Conventional wisdom dictating that financial services stocks and exchange traded funds benefit from higher interest rates and are vulnerable to the Federal Reserve lowering borrowing costs may be waning. Last year, the Financial Select Sector SPDR (NYSEArca: XLF), the largest financial services ETF, slid 13% as the Fed raised rates four times this year.
Following the central bank cutting rates on Wednesday, XLF is up 17.9% year-to-date.
Market observers have previously warned that Wall Street banks could face pressure as tepid market volatility could have contributed to more muted trading desk activity. Furthermore, the Federal Reserve has signaled its intentions to cut interest rates, which would further hurt the banking industry’s ability to generate profits from lending. However, some investors believe some of XLF’s marquee components could actually benefit from lower rates.
Ari Wald, Oppenheimer’s head of technical analysis, “says a reversing trend in bond yields should begin to benefit financials and other cyclical stocks again. The 10-year yield dipped below 2% earlier this month before bouncing back, a level Wald now sees as a bottom,” reports CNBC.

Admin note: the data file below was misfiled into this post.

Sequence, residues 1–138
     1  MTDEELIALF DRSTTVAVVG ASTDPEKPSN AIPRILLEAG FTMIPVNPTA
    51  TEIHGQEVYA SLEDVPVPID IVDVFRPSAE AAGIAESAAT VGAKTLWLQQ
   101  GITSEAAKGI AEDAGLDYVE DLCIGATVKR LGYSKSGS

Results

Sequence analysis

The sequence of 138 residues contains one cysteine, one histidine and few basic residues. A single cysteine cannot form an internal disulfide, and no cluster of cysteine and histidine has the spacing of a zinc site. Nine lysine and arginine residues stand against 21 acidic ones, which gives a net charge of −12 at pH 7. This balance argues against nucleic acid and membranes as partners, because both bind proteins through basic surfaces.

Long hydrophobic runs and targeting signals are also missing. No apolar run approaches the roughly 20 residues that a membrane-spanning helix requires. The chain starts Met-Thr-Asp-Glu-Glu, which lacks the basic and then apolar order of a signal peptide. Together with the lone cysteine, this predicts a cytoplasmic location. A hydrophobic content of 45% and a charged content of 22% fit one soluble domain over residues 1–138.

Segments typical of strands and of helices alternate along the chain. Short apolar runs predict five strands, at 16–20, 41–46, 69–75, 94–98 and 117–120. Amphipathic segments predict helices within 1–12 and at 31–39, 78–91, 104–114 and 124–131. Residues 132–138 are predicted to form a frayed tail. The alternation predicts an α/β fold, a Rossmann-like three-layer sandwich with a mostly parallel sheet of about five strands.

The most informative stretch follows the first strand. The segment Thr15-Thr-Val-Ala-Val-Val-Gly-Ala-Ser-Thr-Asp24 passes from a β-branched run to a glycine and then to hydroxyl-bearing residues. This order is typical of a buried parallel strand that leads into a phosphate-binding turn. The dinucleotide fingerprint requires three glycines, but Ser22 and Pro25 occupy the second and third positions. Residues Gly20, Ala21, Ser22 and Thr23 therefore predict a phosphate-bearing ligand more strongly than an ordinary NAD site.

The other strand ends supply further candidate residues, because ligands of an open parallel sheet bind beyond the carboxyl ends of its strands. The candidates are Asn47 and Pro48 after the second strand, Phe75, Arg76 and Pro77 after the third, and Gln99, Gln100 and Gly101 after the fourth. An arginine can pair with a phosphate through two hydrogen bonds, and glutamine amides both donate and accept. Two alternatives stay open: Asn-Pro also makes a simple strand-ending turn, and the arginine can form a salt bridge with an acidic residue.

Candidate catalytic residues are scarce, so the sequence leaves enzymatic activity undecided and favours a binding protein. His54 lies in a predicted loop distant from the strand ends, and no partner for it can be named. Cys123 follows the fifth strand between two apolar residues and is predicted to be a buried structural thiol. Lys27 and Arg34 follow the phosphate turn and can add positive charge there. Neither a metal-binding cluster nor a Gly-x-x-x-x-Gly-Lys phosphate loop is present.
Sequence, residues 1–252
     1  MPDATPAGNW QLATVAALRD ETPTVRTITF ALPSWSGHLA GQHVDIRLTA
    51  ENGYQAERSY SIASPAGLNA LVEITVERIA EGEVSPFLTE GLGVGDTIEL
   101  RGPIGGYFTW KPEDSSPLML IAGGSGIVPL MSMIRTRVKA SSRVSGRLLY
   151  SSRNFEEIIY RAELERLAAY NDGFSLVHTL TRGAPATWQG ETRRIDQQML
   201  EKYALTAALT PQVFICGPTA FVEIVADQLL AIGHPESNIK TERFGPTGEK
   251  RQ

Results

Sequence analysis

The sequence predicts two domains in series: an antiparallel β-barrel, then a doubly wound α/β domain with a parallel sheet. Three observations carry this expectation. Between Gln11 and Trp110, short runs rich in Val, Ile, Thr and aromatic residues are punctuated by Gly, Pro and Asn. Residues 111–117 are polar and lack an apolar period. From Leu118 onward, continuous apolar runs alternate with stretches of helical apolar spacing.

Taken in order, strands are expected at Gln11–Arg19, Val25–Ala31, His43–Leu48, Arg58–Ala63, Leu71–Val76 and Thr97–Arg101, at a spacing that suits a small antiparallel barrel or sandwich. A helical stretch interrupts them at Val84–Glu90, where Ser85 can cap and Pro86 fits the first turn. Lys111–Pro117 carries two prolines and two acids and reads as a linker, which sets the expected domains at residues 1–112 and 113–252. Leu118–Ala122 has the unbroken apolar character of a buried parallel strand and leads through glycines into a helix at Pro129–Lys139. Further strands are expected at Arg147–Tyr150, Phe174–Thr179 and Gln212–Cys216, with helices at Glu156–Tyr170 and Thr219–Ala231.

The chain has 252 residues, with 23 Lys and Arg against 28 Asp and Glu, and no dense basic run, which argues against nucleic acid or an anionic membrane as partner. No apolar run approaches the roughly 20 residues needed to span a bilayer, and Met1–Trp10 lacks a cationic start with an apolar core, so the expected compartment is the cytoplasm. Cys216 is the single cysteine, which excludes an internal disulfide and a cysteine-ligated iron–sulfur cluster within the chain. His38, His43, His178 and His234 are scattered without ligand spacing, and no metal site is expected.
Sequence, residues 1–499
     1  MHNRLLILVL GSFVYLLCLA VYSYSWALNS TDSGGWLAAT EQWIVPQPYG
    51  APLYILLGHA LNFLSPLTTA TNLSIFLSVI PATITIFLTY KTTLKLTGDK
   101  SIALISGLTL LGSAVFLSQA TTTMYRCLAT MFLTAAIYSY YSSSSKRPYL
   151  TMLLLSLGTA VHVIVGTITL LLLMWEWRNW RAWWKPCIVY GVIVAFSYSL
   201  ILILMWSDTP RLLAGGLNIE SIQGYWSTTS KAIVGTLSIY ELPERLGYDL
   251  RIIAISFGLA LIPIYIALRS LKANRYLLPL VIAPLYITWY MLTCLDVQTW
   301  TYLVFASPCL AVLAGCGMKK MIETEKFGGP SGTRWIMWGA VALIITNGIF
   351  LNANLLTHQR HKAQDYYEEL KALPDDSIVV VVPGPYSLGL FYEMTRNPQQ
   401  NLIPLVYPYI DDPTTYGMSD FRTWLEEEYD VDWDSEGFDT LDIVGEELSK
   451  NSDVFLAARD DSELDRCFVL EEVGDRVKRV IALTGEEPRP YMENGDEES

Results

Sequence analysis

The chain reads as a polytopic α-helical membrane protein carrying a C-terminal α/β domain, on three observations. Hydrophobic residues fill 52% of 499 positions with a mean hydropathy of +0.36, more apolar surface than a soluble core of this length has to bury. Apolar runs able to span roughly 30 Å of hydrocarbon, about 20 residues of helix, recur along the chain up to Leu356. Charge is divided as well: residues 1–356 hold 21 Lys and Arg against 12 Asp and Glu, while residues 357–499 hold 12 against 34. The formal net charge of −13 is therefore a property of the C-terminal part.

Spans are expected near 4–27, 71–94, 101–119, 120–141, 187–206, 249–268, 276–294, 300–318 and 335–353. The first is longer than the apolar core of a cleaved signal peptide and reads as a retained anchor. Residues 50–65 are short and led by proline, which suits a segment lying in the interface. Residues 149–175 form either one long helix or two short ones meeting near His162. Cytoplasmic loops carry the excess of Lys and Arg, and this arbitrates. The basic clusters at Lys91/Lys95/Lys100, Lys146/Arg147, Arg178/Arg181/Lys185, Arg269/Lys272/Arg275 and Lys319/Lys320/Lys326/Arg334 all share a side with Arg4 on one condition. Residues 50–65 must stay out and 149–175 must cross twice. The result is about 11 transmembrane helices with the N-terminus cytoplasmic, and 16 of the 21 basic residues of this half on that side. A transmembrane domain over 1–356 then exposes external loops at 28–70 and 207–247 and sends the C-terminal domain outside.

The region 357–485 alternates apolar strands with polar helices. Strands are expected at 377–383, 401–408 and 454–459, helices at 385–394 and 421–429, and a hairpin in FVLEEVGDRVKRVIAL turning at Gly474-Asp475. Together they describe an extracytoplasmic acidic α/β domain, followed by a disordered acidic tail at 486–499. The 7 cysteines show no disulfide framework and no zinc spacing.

Bucking Historical Trends
Earlier this year, bank stocks and ETFs slumped a bit after the Fed downgraded its outlook for the U.S. and reaffirmed its earlier dovish stance, which provides a poor environment for U.S. banks, whose business models typically capitalize on rising interest rates. However, that trend could reverse even if the Fed lowers rates this week.
“Gina Sanchez, CEO of Chantico Global, also disputes the common wisdom that falling rates will hurt banks. She sees a lower yield in short-term bonds and higher yield in longer-term bonds as benefiting the banks,” reports CNBC.
Investors seem to be embracing the idea that XLF can rally even if the Fed soon lowers interest rates. Over the past week, XLF has seen inflows of $747.35 million, good for the fifth-highest tally among US-listed ETFs.
“A steeper yield curve, where the long end is higher than the short end, widens lenders’ profit margins. A Fed rate cut could depress the short end of the yield curve, typically bumping up the long end, and boosting a bank’s bottom line,” according to CNBC.
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